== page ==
Deputy Joe Flaherty has expressed disappointment and concern at the failure to release HSE staff from COVID testing duties and back to Early Intervention Services.
He said that the Early Intervention Service at the Phoenix Centre in Longford is effectively at a standstill and that some of our most vulnerable children are paying a hefty price.
Said the Longford TD: “I appreciate that the country is at Level 5 and that staff have been redeployed as per the NPHET guidelines but the reality is that some of our most vulnerable children and their beleaguered parents have been without help and support now for seven months.”
Deputy Flaherty recently raise the issue with the HSE and they advised that it would not be possible to consider stepping back up normal Early Intervention Services until the country emerges from Level 5.
THE HSE advised that urgent priority one children are being offered appointments via tele-health and where this doesn’t work, a COVID risk assessment is undertaken to arrange a face to face appointment safely for client and staff. But said Deputy Flaherty: “It is far from practical or workable for the young children and there is no doubt but they are being adversely affected at a critical time in their development.”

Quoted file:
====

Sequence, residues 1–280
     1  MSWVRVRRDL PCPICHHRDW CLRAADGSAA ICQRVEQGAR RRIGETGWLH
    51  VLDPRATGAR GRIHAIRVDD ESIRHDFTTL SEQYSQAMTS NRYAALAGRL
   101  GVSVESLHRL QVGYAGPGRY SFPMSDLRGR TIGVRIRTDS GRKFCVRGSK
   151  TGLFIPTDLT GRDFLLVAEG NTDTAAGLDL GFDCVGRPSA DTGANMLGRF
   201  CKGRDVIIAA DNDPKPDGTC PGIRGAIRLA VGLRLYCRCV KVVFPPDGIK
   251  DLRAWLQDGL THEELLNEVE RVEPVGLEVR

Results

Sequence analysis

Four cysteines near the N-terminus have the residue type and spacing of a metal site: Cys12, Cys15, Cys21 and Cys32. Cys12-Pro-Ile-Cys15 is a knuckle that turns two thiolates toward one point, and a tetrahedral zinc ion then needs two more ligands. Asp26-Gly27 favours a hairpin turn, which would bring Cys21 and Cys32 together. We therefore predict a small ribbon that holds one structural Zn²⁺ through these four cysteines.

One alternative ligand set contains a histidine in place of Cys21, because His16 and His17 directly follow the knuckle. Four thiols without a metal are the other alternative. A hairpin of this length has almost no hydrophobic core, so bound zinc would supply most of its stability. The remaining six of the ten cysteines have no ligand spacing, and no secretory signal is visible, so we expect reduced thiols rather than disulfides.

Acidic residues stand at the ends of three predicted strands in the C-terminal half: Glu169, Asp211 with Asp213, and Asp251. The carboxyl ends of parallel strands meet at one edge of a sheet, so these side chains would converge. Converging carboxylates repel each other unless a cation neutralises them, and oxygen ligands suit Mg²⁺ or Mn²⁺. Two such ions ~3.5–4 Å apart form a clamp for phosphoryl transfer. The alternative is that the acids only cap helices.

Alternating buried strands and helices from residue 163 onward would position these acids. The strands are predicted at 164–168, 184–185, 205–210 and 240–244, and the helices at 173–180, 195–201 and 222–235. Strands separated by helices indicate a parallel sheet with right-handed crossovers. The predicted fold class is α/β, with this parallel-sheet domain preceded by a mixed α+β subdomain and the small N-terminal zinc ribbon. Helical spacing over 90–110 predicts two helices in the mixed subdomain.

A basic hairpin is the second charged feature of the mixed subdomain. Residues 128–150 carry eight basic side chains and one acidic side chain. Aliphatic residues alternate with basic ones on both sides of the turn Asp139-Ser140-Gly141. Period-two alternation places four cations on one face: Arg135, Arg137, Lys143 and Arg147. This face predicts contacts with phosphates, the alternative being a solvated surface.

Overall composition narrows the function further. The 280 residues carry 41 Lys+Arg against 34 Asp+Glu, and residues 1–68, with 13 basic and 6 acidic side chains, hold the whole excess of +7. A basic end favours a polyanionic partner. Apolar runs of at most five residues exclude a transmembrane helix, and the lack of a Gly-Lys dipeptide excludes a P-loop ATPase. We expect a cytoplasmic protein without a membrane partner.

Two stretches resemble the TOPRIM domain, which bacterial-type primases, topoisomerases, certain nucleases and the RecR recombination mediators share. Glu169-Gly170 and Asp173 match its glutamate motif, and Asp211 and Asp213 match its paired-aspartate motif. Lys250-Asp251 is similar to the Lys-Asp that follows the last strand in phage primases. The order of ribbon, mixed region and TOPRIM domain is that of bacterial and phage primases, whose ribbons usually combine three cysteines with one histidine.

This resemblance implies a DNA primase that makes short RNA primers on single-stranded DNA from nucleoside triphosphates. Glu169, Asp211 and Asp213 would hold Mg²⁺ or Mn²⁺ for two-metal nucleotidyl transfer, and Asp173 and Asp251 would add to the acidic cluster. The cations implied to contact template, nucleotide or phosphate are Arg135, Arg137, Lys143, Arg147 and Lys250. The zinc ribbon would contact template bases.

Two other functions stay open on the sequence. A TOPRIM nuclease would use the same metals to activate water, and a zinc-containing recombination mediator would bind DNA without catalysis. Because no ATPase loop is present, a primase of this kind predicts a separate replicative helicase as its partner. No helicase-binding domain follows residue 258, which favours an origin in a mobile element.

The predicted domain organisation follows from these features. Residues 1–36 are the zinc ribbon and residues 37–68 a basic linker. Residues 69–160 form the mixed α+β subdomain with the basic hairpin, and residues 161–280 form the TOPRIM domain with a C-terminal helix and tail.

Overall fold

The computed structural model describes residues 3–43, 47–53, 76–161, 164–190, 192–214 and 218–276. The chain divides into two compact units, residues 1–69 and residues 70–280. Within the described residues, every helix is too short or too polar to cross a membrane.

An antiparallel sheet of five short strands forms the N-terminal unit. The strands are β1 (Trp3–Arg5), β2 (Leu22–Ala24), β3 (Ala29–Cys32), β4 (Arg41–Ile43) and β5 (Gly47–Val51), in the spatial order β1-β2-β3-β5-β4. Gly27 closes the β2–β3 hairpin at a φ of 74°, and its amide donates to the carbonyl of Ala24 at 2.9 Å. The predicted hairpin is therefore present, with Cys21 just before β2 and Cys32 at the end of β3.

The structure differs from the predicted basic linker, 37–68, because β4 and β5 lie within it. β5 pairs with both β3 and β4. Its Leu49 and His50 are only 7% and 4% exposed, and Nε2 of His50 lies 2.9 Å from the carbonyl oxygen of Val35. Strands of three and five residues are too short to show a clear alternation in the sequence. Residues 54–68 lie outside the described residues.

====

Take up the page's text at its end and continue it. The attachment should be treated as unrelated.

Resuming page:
Deputy Flaherty said he had hoped that the recent advertising campaign which sought swabbers and testers for the COVID project would enable the HSE to release their Early Intervention staff back to their roles. But he said: “I was extremely disappointed to learn that as of October 15 just eight swabbers have received contracts in the six county CHO8 area which includes Co Longford.”
Added Deputy Flaherty: “it is important that the HSE immediately recruits to fill these testing roles and release staff back to Early Intervention duties without delay. We are failing these young children and their development should not be an ancillary casualty in the battle with COVID.”